Which Type of Oven Is Best?

Which Type of Oven Is Best? Different Oven Types Explained

If the kitchen is at the heart of every home, then the oven must be at the heart of the kitchen. But which type of oven is best? And what are your options?

An oven is an essential, and expensive, investment in any kitchen, and there is a lot to take into consideration before buying a new one.

So before you rush out to your local appliance store, you need to know your cooking requirements and be able to articulate them into the type of oven you’re looking for. Do you want electric or gas, an induction or standard hob, or a convection or conventional oven? And are there any handy features you desire?

Our guide will help you navigate through the daunting task of figuring out what you want from an oven, and which type of oven is best for you.

Discover NZ's best-rated ovens!

In this article:

Different types of ovens
Other features
Energy efficiency of ovens
Things to consider

Which Type of Oven Is Best? taking cookies out of oven

Even if you’re fairly new to cooking, you should still know that there isn’t just one standard type oven. Like heat pumps or washing machines, there are multiple different types of models. Below we run through the different types of ovens:

Built-in ovens

Also known as wall ovens, built-in ovens are the most common type of oven. They are fitted either in a wall space or under a bench. Wall ovens give you a large degree of flexibility when it comes to your kitchen’s layout.

They come in a wide variety of makes and models, from basic ovens with mechanical controls and few cooking modes, to smart ovens with touch displays, smart cook settings and a host of features.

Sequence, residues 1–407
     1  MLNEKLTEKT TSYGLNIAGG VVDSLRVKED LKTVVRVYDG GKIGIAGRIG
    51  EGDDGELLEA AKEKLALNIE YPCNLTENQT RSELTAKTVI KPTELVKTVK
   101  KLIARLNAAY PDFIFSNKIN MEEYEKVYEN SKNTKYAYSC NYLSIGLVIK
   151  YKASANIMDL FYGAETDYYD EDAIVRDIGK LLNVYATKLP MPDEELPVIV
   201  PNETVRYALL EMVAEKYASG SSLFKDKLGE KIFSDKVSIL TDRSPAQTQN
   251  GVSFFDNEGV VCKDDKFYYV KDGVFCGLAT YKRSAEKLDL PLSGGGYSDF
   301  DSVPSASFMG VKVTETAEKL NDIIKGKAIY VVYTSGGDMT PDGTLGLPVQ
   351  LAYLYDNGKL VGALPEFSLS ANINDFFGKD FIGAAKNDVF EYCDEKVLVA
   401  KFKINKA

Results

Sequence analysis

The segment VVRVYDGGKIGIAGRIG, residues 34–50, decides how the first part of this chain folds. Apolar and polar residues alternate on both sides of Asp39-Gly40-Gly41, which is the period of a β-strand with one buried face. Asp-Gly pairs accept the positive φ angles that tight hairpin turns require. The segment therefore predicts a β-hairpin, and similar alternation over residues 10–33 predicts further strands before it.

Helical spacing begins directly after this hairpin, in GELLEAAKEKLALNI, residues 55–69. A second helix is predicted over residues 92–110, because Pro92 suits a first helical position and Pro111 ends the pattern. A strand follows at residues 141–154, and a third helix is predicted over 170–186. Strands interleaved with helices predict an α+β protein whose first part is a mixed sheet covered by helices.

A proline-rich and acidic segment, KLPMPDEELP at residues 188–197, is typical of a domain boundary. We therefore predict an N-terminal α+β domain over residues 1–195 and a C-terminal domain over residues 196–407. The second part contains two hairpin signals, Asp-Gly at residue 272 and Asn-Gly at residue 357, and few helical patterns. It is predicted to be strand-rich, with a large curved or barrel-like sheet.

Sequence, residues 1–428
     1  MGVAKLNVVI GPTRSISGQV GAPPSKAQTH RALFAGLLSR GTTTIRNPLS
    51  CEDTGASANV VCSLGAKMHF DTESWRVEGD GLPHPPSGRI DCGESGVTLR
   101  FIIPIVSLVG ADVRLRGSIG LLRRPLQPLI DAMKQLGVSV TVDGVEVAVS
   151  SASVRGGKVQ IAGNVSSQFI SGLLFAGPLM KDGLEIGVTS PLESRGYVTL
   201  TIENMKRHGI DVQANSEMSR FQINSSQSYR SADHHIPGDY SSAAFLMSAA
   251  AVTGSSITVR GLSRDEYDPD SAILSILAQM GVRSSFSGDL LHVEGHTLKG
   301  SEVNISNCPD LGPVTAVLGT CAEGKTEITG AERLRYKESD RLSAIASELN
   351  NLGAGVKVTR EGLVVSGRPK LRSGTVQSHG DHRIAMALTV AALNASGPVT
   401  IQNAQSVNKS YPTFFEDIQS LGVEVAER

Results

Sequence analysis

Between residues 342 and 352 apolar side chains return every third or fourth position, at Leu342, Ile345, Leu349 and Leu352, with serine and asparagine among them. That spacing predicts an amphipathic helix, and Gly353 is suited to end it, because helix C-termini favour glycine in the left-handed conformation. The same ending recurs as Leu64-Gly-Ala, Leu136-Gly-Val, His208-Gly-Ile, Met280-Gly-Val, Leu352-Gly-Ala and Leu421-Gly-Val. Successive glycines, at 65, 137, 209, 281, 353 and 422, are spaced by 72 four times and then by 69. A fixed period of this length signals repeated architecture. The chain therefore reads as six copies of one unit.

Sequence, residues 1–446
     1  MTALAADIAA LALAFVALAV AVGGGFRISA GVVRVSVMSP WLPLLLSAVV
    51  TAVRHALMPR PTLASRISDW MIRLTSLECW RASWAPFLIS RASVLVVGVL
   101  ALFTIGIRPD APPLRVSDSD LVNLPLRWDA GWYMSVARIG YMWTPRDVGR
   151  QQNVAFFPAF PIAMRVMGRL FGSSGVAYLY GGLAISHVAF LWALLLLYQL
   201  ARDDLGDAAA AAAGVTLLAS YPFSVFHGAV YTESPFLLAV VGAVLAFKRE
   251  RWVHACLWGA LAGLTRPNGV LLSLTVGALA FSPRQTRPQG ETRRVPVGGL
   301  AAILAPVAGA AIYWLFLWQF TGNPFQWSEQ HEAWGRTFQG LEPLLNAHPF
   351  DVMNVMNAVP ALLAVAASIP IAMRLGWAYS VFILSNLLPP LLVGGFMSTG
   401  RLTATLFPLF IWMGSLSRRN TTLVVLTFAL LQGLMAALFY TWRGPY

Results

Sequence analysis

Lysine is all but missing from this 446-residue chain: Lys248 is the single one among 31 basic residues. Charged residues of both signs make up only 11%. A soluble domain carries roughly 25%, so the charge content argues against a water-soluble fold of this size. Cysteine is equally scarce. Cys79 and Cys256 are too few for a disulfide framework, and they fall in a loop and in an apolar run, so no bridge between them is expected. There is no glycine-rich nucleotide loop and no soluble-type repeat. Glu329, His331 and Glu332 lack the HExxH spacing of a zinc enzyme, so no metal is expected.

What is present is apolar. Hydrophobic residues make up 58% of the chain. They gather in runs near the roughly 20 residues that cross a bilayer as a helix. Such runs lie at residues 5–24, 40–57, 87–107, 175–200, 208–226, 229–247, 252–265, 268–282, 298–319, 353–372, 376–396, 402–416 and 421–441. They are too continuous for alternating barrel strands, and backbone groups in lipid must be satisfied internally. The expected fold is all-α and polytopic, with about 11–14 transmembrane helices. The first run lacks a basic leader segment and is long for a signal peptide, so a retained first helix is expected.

Freestanding ovens

A freestanding cooker is a combination of both an oven and a hob. As they are free-standing, they can’t be installed into a wall unit, so it does limit your layout somewhat. However, these are easier to install, as they can be placed just about anywhere, and can be a good option for small spaces.


When considering a freestanding oven, you need to consider your hobs as much as your oven. Do you want electric, gas or induction? And how many burners/elements do you need?

Toaster ovensSunbeam COM1000SS toaster oven

As the name suggests, a toaster oven is a countertop appliance that can grill bread as well as bake food. They are much cheaper to buy than a large conventional oven, and simple to set up, but generally do not offer the same bake quality as their larger counterparts. Because of their size, the amount of food you can cook is also limited.

Bench-top convection ovens

Bench-top ovens are similar to toaster ovens, but rather than letting hot air circulate naturally, convection ovens use internal fans, like those found in most freestanding and wall ovens, to distribute the hot air evenly to create a constant temperature. They are more expensive than toaster ovens, but can cook faster, at lower temperatures and deliver better results.

Microwave ovens

Technically, your microwave is a form of oven, and they are great for heating food rapidly. However, for the most part, they are sub-par when it comes to all-round cooking, as they can’t brown or crisp food and don’t cook evenly – hence the rotating table! However, it’s common to find smaller ovens that also have a microwave oven function, which can be ideal for small kitchens.

Air Fryers

Air fryers have been hugely popular over the past few years. But despite the fancy name, an air fryer is essentially a small convection oven. By making the cooking area smaller, and by placing the heating element and fan directly on top, you can get crispy food that cooks quickly.

Compare air fryers with Canstar Blue here!

Self-cleaning ovens

You can’t go wrong with an oven that cleans itself, and there are two types of self-cleaning ovens:

  • Pyrolytic ovens – feature a self-cleaning mode that heats the oven to temperatures as high as 500°. This reduces food and fat residue to a thin white ash, which you can then wipe away easily.
  • Catalytic liners – these are specially developed oven liners that absorb fats and food particles. These are then burned off by running a regular cleaning setting, leaving the oven looking spotless.